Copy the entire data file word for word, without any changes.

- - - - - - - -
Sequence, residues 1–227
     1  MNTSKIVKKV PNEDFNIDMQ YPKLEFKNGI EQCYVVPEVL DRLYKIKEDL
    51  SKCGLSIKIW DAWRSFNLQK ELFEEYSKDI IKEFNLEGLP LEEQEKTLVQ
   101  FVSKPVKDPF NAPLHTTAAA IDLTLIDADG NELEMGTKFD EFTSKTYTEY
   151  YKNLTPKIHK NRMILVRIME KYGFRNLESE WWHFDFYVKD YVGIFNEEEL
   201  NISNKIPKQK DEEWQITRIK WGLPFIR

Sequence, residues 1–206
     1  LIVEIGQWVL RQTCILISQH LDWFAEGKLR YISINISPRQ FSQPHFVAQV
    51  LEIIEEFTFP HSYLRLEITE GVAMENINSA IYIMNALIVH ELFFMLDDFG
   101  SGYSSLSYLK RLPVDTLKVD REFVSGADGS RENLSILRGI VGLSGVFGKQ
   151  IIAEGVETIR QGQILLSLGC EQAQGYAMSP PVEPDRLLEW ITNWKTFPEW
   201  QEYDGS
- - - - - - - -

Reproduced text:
Sequence, residues 1–227
     1  MNTSKIVKKV PNEDFNIDMQ YPKLEFKNGI EQCYVVPEVL DRLYKIKEDL
    51  SKCGLSIKIW DAWRSFNLQK ELFEEYSKDI IKEFNLEGLP LEEQEKTLVQ
   101  FVSKPVKDPF NAPLHTTAAA IDLTLIDADG NELEMGTKFD EFTSKTYTEY
   151  YKNLTPKIHK NRMILVRIME KYGFRNLESE WWHFDFYVKD YVGIFNEEEL
   201  NISNKIPKQK DEEWQITRIK WGLPFIR

Sequence, residues 1–206
     1  LIVEIGQWVL RQTCILISQH LDWFAEGKLR YISINISPRQ FSQPHFVAQV
    51  LEIIEEFTFP HSYLRLEITE GVAMENINSA IYIMNALIVH ELFFMLDDFG
   101  SGYSSLSYLK RLPVDTLKVD REFVSGADGS RENLSILRGI VGLSGVFGKQ
   151  IIAEGVETIR QGQILLSLGC EQAQGYAMSP PVEPDRLLEW ITNWKTFPEW
   201  QEYDGS